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Smart IT leaders seek to complement their India-based operations for risk management and business continuity purposes, but they also may be looking for specific language fluency, proximity, lower attrition or wage inflation or an attractive domestic market.
Certain skills–like automation testing, for example, come at a premium in a hot market like India, says H. Karthik, vice president at outsourcing consultancy Everest Group. And many emerging countries are getting aggressive with perks like new software parks and welcoming tax or regulatory environments to win new IT outsourcing business, says Herrera.
Below are six IT and business process outsourcing (BPO) destinations that may be worth a look in 2013. “They are not for everyone,” says Herrera.
“Their scalability risk is much higher, typically because they are not yet graduating the numbers of IT and engineering students to support huge growth, Herrera says. “[But] we see clients who love their results in these locales [even] with limited numbers of resources.”
Several Indian IT services companies have set up shop here. “Colombia is positively hot right now,” says Herrera. “It also is large enough to have multiple cities that offer credible, educated workforces.” Neutrally accented Spanish makes Colombia attractive for enterprises looking for regional customer support or IT help desks.
“Like other Latin American countries, [Colombia] offers same time zone coverage for increasingly important IT considerations like agile development and Web support,” says Alan Hanson, senior vice president with outsourcing consultancy Neo Group. Costs may be 20 percent higher than India, but that may be offset by management savings due to proximity, Hanson adds.
Pros: Large labor pool, low operational costs, attractive domestic market
Cons: Low IT services maturity, limited English skills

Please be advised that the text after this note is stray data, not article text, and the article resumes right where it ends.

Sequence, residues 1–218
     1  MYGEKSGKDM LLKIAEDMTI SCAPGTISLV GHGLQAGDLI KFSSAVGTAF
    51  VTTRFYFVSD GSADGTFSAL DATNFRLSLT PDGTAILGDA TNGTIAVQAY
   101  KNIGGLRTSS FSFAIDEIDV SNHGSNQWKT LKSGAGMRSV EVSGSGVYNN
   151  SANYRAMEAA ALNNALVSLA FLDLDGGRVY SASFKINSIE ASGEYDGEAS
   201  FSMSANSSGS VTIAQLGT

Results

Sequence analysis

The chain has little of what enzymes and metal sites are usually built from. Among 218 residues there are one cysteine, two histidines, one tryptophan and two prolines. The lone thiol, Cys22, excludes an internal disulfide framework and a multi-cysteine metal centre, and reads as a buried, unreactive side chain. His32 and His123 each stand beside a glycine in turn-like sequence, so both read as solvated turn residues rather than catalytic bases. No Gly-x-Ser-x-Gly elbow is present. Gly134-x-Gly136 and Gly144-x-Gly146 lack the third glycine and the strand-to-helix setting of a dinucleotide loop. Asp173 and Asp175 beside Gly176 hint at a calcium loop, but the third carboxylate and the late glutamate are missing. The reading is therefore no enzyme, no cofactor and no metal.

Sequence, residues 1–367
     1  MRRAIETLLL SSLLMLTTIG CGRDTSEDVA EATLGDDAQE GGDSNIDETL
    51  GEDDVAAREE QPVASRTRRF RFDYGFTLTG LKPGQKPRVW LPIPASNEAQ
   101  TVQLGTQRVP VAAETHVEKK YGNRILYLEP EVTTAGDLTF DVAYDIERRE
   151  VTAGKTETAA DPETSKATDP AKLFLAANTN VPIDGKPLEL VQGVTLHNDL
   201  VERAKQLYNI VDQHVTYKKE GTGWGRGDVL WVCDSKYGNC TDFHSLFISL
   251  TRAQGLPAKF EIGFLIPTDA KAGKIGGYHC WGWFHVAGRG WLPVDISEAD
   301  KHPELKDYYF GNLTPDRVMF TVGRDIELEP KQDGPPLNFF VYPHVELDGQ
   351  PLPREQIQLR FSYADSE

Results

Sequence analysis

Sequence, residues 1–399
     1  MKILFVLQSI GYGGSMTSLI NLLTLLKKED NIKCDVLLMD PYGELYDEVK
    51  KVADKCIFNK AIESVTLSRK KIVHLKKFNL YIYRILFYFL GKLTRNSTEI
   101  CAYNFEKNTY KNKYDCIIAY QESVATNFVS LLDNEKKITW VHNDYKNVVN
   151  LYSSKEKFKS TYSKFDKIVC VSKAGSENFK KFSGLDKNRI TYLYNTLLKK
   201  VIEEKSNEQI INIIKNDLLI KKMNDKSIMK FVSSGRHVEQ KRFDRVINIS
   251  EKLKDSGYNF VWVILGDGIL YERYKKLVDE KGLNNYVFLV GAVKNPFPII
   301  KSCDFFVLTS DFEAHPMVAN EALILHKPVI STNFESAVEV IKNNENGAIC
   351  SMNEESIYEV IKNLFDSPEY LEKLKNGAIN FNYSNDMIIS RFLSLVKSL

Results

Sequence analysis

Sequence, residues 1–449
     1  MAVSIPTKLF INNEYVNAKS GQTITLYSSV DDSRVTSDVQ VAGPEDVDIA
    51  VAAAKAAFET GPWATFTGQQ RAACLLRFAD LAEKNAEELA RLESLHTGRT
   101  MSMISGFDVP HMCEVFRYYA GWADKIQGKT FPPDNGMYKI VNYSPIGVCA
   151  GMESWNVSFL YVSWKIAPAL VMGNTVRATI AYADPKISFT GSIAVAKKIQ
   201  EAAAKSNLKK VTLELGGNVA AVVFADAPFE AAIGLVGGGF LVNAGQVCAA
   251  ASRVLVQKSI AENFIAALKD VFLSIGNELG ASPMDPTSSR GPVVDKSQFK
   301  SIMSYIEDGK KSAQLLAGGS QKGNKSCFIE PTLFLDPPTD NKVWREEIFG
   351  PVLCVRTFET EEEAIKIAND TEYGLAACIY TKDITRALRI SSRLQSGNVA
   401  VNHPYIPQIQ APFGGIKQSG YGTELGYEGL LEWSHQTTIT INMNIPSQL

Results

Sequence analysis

Latin America’s up and comer is garnering a lot of attention for its incredible domestic growth in recent years. “Companies that want early-mover advantage might be able to capture a loyal, long-term workforce if they set up shop right now,” says Herrera.
Pros: Low operational costs, rapidly growing domestic economy
Cons: Nascent market, lower quality education system, limited English skills
Some IT leaders may be surprised to find that when you take into account factors such as wage inflation, real estate costs, taxes and salaries, Vietnam ranks best in class among outsourcing destinations–even better than India, says Hanson. Vietnam is also a favorite outsourcing location for Japanese companies, adds Karthik.
Pros: Low cost of operations (30 to 50 percent less than India), strong government support
Cons: Rampant software piracy, weak intellectual property laws, limited English skills
Bulgaria remains one of the least expensive destinations in this region. “A combination of excellent educational institutions (if still somewhat influenced by the Soviet, rote style of learning), a passion for higher education among its citizens, and relatively good availability of European language skills has fueled a lot of growth here,” says Herrera.
Pros: Availability and quality of IT skills, proximity to Western Europe, BPO maturity
Cons: Low IT services maturity, smaller population
Turkey is volatile, but viable, says Herrera. “We still have relatively few clients going here, but would not instinctively advise against it. It looks to have potential across a number of functional expertise areas. It also has enough local, large companies to foster a sophisticated business-savvy workforce.”
Pros: Large labor pool, European language support, potential to support high level research and development work
Cons: Security and geopolitical risk related to terrorism and international market, nascent IT market
6. South Africa
Like Bulgaria, BPO is where South Africa has made its mark thus far. But it’s bang for the buck is driving interest in sourcing IT-related work here as well. The country also boasts sophisticated finance and accounting specific skills, says Karthik.
Pros: Large English-speaking labor pool, European time zone compatibility, developed infrastructure, attractive domestic and regional market
Cons: Higher operating costs than most offshore locations, lower IT services maturity